BY HARRY ANDERSON
August 9, 2017
Mid-summer is the best time to live on Whidbey Island — but often also the busiest. My spouse and I have now completed the first two of four visits by out-of-state friends fleeing hot weather and seeking cool experiences on our Rock. I do love catching up and sharing time with these dear friends and being their tour guide, even if it sometimes cuts short my afternoon nap and patio reading time.
Of course, our half dozen friends make up less than a tiny fraction of the huge number of visitors expected on Whidbey this summer. By one estimate, we may see as many as a million folks from April through October — including the growing number of day-trippers from nearby “America” looking for a brief escape from rush-rush life and gridlock.
Tourism isn’t the biggest industry on Whidbey, but it’s what drives our growing reputation as a beautiful, peaceful, rural, amazing, wonderful (insert your own superlative here) place. According to recent economic data, only about 15 percent of jobs on the Rock are related to hospitality and leisure businesses. (The military and civilian governments are by far the largest employers.)
But the two-percent hotel/motel tax we charge our guests will generate about $250,000 for Island County this year, and my calculator tells me that will be drawn from about $12.5 million paid by overnight visitors. Not too shabby. And the county is budgeting a nifty 13 percent increase in the sales tax it expects to receive this year to $16.7 million. That, my calculator says, will be drawn from taxable sales of almost $188 million. Since a goodly share of those sales is made to visitors, that’s also not too shabby.
What’s remarkable about those numbers is that they are generated by generally very small, private businesses in the state’s second smallest county (San Juan is the smallest). They show that we have a diverse and growing economy. And they also show that there’s a lot for visitors to do and buy while they’re here.
Through the years, we have taken our visitors on the jet boat tour under Deception Pass Bridge, on whale-watching tours in Admiralty Inlet, to the Kite Festival and the Shakespeare Festival, to the Whidbey Island Fair, the MusselFest, Penn Cove Water Festival, Oak Harbor Music Festival, Coupeville Arts and Craft Festival, and gone-but-not-forgotten Choochokam.
We’ve also gone on memorable hikes and beach walks. And we have eaten unforgettable meals. Ah, yes. The foodie experience! That’s what we concentrated on with our friends Lynn and Knick from Dallas last month. Incredible food. We began on a beautiful July evening at Orchard Kitchen, the wonderful “field-to-fork” dining experience run by Vincent and Tyla Nattress in Bayview. We got tickets for one of their infrequent “farm field” dinners, where we joined 40 or 50 other folks from on and off the Rock at one long table surrounded on all sides by fields of growing corn, tomatoes, lettuce, and squash.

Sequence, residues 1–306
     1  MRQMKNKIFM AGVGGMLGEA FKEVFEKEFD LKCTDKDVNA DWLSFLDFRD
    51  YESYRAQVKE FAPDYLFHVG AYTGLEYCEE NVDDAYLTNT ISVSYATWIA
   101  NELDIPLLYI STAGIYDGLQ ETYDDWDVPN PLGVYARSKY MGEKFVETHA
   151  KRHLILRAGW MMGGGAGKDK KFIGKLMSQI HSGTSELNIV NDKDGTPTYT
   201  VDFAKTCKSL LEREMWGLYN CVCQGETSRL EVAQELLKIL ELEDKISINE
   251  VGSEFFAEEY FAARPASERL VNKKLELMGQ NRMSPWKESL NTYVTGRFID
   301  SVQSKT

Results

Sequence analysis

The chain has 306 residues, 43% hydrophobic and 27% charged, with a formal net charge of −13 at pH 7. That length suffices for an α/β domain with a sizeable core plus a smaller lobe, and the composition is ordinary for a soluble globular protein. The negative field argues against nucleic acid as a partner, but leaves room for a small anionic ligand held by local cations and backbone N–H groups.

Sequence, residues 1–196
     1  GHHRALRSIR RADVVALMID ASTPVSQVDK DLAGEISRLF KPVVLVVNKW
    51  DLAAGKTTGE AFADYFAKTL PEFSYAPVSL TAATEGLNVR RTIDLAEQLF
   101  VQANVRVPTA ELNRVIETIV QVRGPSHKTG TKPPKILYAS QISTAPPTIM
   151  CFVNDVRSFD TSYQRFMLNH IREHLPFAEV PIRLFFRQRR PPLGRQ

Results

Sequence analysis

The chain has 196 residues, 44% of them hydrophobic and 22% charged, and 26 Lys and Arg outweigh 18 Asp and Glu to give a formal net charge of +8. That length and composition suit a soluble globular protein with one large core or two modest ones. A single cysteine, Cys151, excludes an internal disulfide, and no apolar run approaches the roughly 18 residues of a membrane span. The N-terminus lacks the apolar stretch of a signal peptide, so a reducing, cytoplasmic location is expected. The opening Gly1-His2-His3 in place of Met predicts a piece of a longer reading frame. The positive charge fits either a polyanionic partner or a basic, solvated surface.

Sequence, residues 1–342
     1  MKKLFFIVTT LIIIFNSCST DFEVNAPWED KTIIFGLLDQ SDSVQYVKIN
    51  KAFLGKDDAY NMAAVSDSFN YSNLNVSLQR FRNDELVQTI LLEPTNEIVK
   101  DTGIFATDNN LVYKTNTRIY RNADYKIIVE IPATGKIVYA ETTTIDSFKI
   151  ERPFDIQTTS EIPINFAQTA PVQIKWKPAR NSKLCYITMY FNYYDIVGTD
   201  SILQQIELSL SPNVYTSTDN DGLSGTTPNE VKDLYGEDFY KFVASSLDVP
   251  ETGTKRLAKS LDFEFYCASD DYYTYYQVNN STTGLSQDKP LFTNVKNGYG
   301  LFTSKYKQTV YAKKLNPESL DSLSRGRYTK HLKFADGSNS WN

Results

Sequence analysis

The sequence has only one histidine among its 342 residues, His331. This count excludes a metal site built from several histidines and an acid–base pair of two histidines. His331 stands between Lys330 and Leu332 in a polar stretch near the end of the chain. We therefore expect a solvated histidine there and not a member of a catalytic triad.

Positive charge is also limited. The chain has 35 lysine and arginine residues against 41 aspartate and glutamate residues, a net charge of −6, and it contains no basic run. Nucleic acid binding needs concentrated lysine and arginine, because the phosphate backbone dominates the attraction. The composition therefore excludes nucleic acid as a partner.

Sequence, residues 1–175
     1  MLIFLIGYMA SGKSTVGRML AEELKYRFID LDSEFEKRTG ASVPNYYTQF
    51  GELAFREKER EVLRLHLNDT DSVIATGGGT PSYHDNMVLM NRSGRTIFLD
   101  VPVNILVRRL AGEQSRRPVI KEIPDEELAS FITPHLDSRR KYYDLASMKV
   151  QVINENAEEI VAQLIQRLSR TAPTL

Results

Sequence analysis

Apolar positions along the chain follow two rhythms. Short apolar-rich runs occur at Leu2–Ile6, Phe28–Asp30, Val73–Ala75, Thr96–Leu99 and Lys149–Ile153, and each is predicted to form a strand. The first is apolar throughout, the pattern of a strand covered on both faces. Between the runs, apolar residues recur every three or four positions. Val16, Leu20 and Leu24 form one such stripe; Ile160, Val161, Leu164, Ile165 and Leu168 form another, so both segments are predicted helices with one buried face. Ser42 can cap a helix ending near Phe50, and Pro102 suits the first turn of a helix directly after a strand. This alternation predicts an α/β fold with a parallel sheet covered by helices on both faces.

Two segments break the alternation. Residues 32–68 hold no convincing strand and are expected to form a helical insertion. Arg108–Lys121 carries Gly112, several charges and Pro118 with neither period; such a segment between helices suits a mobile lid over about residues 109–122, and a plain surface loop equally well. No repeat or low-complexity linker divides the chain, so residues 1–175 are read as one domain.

Before dinner, we enjoyed a guided tour of the three-acre organic farm that produced many of the vegetables we later ate. We watched as a whole hog roasted on an open grill, soon to be carved for our dinner. Then we sat down to four courses, beginning with a salad topped with edible flowers and capped by a dessert of freshly harvested Northwest berries of almost every variety.
The next day, we took our guests and four other friends to an equally special treat—a champagne brunch at the Compass Rose, the beautiful Victorian bed-and-breakfast inn run by Marshall and Jan Bronson in Coupeville. We bid on and won this matchless meal at a fundraising auction for the Island County Historical Museum. (In my years on Whidbey, I have learned a wonderful secret. The most treasured and unique things to do on this island are often the things you can bid on at fundraiser auctions—and there are lot of fundraisers on Whidbey.)
Marshall and Jan are classic Rock “second acters” —folks who landed on Whidbey at midlife to begin a new chapter. Marshall is a retired Navy captain and foreign service attaché, and he and Jan have lived all over the world. They moved to Coupeville more than two decades ago, bringing with them Jan’s collection of Victoriana. The Compass Rose is chock-a-block full of antique stuff with fascinating stories behind all of it. Hold something up, and Jan and Marshall will tell you what it is and where it’s from. Before brunch, we needed some time—and a couple glasses of champagne—just to absorb the Compass Rose surroundings.
Then came the salad (locally grown, of course), the eggs Benedict (from chickens nearby and on home-baked muffins) and finally, the pièce de résistance: Jan’s stunning Pavlova meringue dessert topped with local berries. We all needed a nap after that meal.
Orchard Kitchen and Compass Rose were our show-stopping foodie experiences last month. But, never ones to turn down a meal, we also savored the famous Mel’s Scramble breakfast at Knead and Feed, the Island’s best fish and chips with a glass of Parrot Red ale at Toby’s, and a couple of barbecues with Three Sisters beef at our home. All of us gained a little weight in those five days, but it was worth every new ounce we now squeeze into our jeans.
Now it’s back to fat-free yogurt and veggies from my garden until the next set of friends arrives. Summer may be busy on the Rock, but it really is the best time to eat, drink, and be merry!
Once upon a time, Harry Anderson made an honest living as a reporter, editor, and columnist at the Los Angeles Times. He now lives in central Whidbey where he spends his time gardening and ruminating on things that interest him.
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Hi, Harry (& Terry), That looks like a fabulous meal(s)! I think I’m jealous as we only got mussels from Christopher’s. We’ll have to try the Compass Rose next time.
Just to be clear though…the mussels at Christopher’s were to die for!!!